Recently, the Brookings Metropolitan Policy Program hosted the first of a series of workshops, with support from insurance company AIG, focused on identifying the biggest challenges and opportunities for America’s procurement system for infrastructure and the built environment. Leveraging real world experience from practitioners in government, finance, insurance, law, and construction, Brookings identified the top four opportunities for smart infrastructure reform. Contributing his knowledge of the industry, Donovan Hatem attorney David J. Hatem was one of the participants in the Brookings workshop.

For more information on the research, read the entire Brookings report, Opportunities for Infrastructure Reform: Improving America’s Procurement System.”

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Requirements for Establishing a Design Professional’s Liability

By Lauren M. Ippolito

In a recent decision by the New York Supreme Court in June 2014, the Court affirmed that expert testimony is a necessity in a case where is it alleged that a design professional failed to adequately perform its services or improperly performed its work pursuant to a contract.

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Recent CM-At-Risk Massachusetts Supreme Judicial Court Decision – What Does It Mean for Project Participants?

On September 2nd, the Massachusetts Supreme Judicial Court (SJC) decided Coghlin Electrical v. Gilbane Building Company v. DCAMM (referred to here as “Coghlin“) involving an issue of first impression in Massachusetts (and throughout the United States), and one of critical importance to the successful utilization of the construction manager-at-risk delivery method (CMR).

Read David J. Hatem, PC‘s entire article published in ACEC Insights, Summer/Fall 2015.

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2015 ACEC Fall Conference

Don’t miss David Hatem at the 2015 ACEC Fall Conference!

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Project Management Firm Has No Implied Duty to Ensure the Safety of Subcontractor’s Employees

By Gregory Paonessa

The Massachusetts Superior Court (“Court”) recently held in Rodrigues v. Tribeca Builders Corp. that a project management firm whose duties are primarily logistical, managerial and administrative does not owe a duty to ensure the safety of project workers.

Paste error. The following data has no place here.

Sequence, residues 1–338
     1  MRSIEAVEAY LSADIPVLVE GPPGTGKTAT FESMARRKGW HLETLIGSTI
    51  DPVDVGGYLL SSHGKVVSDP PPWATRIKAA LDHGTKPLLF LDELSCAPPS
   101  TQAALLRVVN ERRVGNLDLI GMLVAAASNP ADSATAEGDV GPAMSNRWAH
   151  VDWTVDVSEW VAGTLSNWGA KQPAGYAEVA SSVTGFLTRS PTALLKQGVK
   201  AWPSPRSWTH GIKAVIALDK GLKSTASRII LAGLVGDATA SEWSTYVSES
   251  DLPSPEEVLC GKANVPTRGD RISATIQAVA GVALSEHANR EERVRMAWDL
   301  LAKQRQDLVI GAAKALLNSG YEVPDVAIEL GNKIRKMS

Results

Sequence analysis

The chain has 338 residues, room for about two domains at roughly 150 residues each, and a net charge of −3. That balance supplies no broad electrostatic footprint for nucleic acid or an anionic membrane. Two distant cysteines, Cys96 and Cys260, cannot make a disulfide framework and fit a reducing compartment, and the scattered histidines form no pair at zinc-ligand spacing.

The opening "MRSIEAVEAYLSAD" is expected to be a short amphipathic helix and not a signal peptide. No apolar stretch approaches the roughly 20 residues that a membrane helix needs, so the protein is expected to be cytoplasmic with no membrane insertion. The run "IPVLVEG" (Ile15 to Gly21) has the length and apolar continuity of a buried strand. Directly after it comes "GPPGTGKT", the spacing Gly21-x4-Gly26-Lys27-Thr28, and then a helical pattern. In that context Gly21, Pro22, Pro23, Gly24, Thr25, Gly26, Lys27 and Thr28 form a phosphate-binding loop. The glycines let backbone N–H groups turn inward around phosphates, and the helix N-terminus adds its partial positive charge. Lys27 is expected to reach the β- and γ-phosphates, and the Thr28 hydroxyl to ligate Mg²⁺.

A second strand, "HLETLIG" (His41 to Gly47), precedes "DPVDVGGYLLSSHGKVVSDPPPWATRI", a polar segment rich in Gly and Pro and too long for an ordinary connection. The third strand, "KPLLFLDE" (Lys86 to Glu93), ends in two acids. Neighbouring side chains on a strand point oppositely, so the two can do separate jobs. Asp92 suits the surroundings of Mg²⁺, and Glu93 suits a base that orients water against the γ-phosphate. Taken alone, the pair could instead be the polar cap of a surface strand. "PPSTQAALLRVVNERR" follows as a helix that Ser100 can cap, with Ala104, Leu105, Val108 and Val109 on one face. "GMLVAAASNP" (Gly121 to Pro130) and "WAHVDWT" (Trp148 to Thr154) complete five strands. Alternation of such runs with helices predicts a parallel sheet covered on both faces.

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The Mechanic’s Lien – Are You Protected?

Gregory Paonessa recently had his article “The Mechanic’s Lien – Are You Protected?” published in Thomson Reuters’ Legal Handbook for Architects, Engineers and Contractors: Issues in Construction and Technology, Vol. 31, 2014/2015.

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In Case You Missed It: Sovereign Immunity Still (Mostly) For Sovereigns

By Lucas Blackadar, Esq.

Just this past spring, the Texas Supreme Court decided Brown & Gay Engineering, Inc. v. Olivares, 461 S.W.3d 117 (Tex. 2015), a case arising from the death of two motorists – one intoxicated and one sober – on the West Park Tollway in Fort Bend County, Texas. The key question raised in the case was whether Brown & Gay Engineering (B&G), the engineering firm retained by the Fort Bend County Toll Road Authority to design the signage and layout for the Tollway, could be protected under sovereign immunity. B&G was an independent contractor, so some on the Court felt that resolving that question was, more or less, a complete and utter waste of time. However, the Court decided to engage, swatted down most, if not all, of B&G’s arguments, and actually provided some helpful guidance in the process.

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Construction Manager at Risk May Have Design Risk According to Mass. SJC

Yesterday, September 2, 2015, the Supreme Judicial Court released its Coghlin v. Gilbane opinion. Note, the case has been remanded to the Superior Court for proceedings consistent with the SJC’s opinion.

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D-B and P3s: Design Professionals Do Have Choices!

By David J. Hatem, PC

Design Professionals Do Have Choices

With much of the discussion of D-B and P3s frequently focused on the risks and liabilities associated with these methods, the discourse can often feel negative, leaving at least some of you thinking and asking:

“If D-B and P3s represent the dominant present and future trends for infrastructure projects and potentially other, vertical projects – are they, in reality, positive developments for design professionals and do I or my firm want to be a part of those trends, and do we actually have a choice? If we do choose to be a part of those trends, how should we go about it?”